Honoring true Fresno philanthropy

  • By: Sally Caglia – Electric Motor Shop & Warnors Center for the Performing Arts

Definition of Philanthropy: The practice of performing charitable or actions of benevolence, love of mankind in general. The US immigration flood of the 1920’s included an 8 year old boy from a very humble village in Italy. Being the first to learn English in his family, he was relied upon to assist his parents and eventually, lead his 6 brothers and 5 sisters in adapting to their new home on the West side of Fresno.

His early education and impressions of life came from the Sisters of the Holy Cross and the Redemptorist Priests at St. Alphonsus of Liguiori Catholic Church and School. There, he saw examples of love, ethics, compassion, kindness and responsibility which he took to heart. The boy lived by these paradigms for the rest of his life.

Frank S. Caglia grew into one of Fresno’s greatest businessmen. If you asked him, he would never say he considered himself a philanthropist. He was also proud to call himself an American – not an Italian-American – but an American. And he was so grateful for all the blessings his diligence and hard work afforded him. His heart was full of benevolence and appreciation to the people and the City that gave these blessings to him.

First and foremost, after his family, the Holy Cross Sisters held a special place in his heart. When a new Medical Center for St. Agnes was needed, the down payment to begin construction was given by Frank. In exchange, the old hospital was his. However, acknowledging many worthy requests, most if not all the medical equipment, cabinets, beds, doors and the chapel, including the statuary, stained glass windows and pews were donated. Containers full of surgery and emergency room equipment and hospital beds were donated to clinics in Africa and Mexico.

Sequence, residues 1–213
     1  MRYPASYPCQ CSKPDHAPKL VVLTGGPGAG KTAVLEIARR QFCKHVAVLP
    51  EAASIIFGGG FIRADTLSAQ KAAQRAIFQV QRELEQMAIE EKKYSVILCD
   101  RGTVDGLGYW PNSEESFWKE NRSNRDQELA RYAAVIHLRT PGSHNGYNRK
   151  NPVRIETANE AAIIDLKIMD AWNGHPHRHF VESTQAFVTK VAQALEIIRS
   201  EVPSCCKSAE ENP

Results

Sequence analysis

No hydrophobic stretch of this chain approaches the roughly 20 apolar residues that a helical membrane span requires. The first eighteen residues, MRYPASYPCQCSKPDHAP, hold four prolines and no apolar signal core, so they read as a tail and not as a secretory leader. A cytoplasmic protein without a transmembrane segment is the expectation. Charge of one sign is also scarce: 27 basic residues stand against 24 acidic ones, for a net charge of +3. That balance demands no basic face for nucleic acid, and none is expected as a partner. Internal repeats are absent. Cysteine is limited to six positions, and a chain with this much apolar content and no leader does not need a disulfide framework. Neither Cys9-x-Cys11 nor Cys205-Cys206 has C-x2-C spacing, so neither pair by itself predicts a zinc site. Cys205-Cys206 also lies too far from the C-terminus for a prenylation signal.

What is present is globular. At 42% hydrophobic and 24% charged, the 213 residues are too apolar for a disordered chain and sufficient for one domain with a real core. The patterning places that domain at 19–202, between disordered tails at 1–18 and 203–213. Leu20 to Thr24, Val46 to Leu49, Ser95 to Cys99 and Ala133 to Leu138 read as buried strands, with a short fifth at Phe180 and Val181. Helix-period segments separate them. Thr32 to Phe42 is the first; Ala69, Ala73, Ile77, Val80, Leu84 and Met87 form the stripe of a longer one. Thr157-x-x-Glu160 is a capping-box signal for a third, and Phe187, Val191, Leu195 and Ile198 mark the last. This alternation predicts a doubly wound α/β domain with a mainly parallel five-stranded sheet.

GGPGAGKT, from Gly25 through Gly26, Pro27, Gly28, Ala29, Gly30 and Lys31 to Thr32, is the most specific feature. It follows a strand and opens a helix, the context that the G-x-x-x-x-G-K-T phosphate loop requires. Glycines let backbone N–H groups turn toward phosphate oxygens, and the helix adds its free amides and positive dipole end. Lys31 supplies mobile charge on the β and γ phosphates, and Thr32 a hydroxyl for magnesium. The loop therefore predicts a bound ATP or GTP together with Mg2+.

Another significant donation was the old Kearney Bowl Racetrack stadium lighting (formerly, the Italian Entertainment Park). Parents and students alike are still enjoying football games under those same stadium lights at San Joaquin Memorial High School.

Not only was Frank a kind and giving man, he also cherished Fresno’s historic landmarks. Rather than see local icons, like the Warnors Theater, the Mars Drive-in sign, the Cupola from the old Courthouse (jointly preserved with the Kevoian Family) and the old Van Ness Ave. Arch destroyed, he saved them for posterity. Thankfully, the Cupola and Mars Drive-In sign will one day be on permanent display for the entire Valley to enjoy.

There were so many sports teams, religious organizations, civic service clubs and any number of youth organizations and individual requests that Frank supported anonymously, they are too numerous to list. He was truly a kind, compassionate and generous philanthropist who loved his fellow man and his home, Fresno.

We his children can only hope to continue and emulate his legacy.

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